Do You Have a Home Inspection Checklist?

(Inspector’s Note: If you live in San Antonio, New Braunfels, or any other part of Texas, then your home inspector is required to be licensed by the Texas Real Estate Commission and the home inspection they perform is basically a more elaborate version of the checklist presented in this article. Read on for more info)

It seems that a lot of first-time home buyers have a lot of questions about home inspections and the home inspection process, and its understandable. What I would like for home-buyers to understand is that most every home has unique conditions that may affect the severity levels of different defects identified throughout the home inspection.

Lets take cracking drywall around windows and doors, especially around corners, for example. When a home inspector observes horizontal cracking, stair-step cracking, or cracking at a 45 degree angle of the drywall around a window or door, it will get noted as a wall deficiency. If we start seeing this defect in multiple places, it will then get noted in the foundation section of the report as evidence of structural movement. While foundation movement is always important, if the home was recently built or is brand new, we don’t worry TOO much, as some “breaking-in” of the structure is not uncommon given the tolerances most residential construction is produced under. If the home was older and the cracks had been painted over multiple times, it would be a sure-fire sign of differential settlement in the foundation and would be cause for further evaluation from a licensed engineer.

 

A Quick Home Inspection Checklist:

With that out of the way, here’s a brief, and I mean brief checklist of important home inspection items. Whether you are in San Antonio, New Braunfels, or anywhere else for that matter, these systems or components should be reviewed by any home inspector you hire:

 

The Structural Systems

  • The Foundation and its performance, whether slab on grade or pier & beam
  • The Grading and Drainage, to include gutters (but often not including area drains, contact your landscape professional for this)
  • The Surface of the Roof, to include covering (such as shingles), flashing, and hazards found on or near roof surface
  • The Structure of the Roof and Attic, to include structural members such as rafters/trusses, ventilation, and insulation
  • The Walls, both interior and exterior, load-bearing and non-load-bearing
  • The Ceilings and the Floors, interior and exterior
  • The Fenestrations, such as Windows and Doors, both interior and exterior
  • The Stairways and Railings
  • The Fireplaces and Chimneys, including the the Chimney Chase on the exterior of the home as well as the the flue inside the home (if it’s accessible).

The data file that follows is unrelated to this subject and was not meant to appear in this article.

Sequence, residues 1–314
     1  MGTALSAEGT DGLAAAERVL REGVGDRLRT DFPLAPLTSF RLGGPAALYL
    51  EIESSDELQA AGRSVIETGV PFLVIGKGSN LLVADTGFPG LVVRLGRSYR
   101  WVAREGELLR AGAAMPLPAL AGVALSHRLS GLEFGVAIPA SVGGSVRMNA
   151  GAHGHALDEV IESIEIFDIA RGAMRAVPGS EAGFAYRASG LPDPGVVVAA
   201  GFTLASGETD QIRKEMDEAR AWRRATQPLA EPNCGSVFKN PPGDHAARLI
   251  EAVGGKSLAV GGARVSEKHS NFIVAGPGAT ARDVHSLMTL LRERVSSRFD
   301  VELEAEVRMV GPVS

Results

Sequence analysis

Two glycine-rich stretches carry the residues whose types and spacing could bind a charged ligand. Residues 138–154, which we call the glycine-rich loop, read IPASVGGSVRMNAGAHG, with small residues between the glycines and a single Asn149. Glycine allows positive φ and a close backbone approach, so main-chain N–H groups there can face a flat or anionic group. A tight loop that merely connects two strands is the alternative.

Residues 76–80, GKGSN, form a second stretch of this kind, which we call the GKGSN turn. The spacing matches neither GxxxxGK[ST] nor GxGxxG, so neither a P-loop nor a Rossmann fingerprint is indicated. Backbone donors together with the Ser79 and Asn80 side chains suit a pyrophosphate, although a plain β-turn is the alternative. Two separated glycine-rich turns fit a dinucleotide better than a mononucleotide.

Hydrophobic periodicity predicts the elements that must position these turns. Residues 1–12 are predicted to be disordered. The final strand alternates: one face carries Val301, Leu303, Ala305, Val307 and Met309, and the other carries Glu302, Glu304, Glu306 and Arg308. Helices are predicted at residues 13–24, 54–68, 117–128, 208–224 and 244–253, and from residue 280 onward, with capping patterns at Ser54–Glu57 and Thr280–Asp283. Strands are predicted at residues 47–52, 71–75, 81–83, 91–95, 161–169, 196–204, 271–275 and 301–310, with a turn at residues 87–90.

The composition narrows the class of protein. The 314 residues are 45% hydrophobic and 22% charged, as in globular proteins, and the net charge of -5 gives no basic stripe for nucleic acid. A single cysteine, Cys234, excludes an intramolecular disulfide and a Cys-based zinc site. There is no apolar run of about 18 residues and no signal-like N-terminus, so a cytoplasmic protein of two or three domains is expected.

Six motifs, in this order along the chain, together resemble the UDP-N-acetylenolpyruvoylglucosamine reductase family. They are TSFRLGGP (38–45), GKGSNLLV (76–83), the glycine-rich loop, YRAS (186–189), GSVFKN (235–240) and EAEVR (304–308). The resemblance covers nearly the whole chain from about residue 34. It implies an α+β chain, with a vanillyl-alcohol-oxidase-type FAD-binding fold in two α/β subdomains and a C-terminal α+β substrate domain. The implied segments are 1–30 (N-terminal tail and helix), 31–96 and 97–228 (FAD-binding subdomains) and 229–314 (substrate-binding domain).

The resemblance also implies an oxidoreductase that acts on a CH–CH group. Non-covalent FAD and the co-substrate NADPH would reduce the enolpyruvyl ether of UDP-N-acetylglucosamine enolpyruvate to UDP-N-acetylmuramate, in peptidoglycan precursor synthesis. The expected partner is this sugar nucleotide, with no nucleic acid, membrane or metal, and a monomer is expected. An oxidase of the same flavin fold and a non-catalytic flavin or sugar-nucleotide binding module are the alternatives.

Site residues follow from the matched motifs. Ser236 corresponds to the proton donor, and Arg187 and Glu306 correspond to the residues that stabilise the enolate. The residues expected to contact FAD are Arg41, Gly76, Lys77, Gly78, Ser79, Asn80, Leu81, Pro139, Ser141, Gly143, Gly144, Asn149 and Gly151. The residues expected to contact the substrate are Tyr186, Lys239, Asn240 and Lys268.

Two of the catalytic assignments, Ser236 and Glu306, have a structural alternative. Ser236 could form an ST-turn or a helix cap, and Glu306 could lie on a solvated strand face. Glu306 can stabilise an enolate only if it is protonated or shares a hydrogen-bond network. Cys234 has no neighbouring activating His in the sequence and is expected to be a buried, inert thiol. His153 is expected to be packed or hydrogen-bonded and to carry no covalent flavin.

• The Porches or Decks present, unless they are detached from the structure

 

The Electrical Systems

  • The Service Entrance, including the mast and weather-head (if above ground electrical)
  • The Grounding Electrode System, or Grounding Rod, as well as the bonding of various components
  • The Main Breaker Panel, and all components inside it, such as wiring, circuit breakers, panel cover and box
  • Any and all Breaker SUBpanels (the smaller panels), and all the components inside
  • Any visible or accessible wiring
  • All accessible Lights, Fans, and Switches
  • All accessible electrical Receptacles (plugs/outlets)
  • All Smoke and Carbon-Monoxide Alarms
  • The Doorbell!

The Heating and Cooling System, and Ductwork

  • The Air-Handling Unit, or fan, that both the heating and cooling system use, as well as being used by itself to circulate air
  • The Heating System, and all the various components that make it up
  • The Cooling System, including the exterior condenser unit and the interior evaporator coil unit if visible (this one is hidden inside the air-handler)
  • The Refrigerant lines that serve the cooling system and sometimes the heating system (if you have a heat pump)
  • The Condensate Drain Lines (those things you pour bleach/vinegar into)
  • The Evaporative Cooler or “Swamp-Cooler”, although this one only applies if you live in a dry-area (its much to humid in San Antonio, New Braunfels, or really any of the South-Texas area for evaporative cooling to be effective)

 

The Plumbing System

  • The Water Meter and the devices near it, such as the main shut-off, pressure regulator valve, and back-flow prevention device for the irrigation system
  • The Water Supply lines that are visible or accessible
  • The Fixtures, such as faucets, hose spigots, shower/bath valves, etc.
  • The Drains, especially sink drains
  • The Water Heater, and the various components that are attached to it (or should be)
  • The Hydro-Massage Therapy Tub, or those cool bathtub where you fill it up and turn a knob and jets of water massage your back and make bubbles (if they’re present)

 

The Appliances (that are present)

  • The Dishwasher, including operation of internal components and installed drain
  • The Garbage Disposal
  • The Range Hood or Kitchen Ventilation System
  • The Oven and Stove, including thermostat accuracy
  • The Microwave, but only if it’s permanently installed
  • Any Bathroom Exhaust Fans, especially to make sure they terminate to the exterior of the building and not the attic
  • The Garage Door Opener, and the various safety features it has
  • The Dryer Vent System

 

Whether you’re buying a home in San Antonio, Texas or any other place in the country, your home inspector should be checking these systems and components to give you a clear picture of the condition of your home.

 

Ensure You Know the Facts

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Do You Have a Home Inspection Checklist? 1

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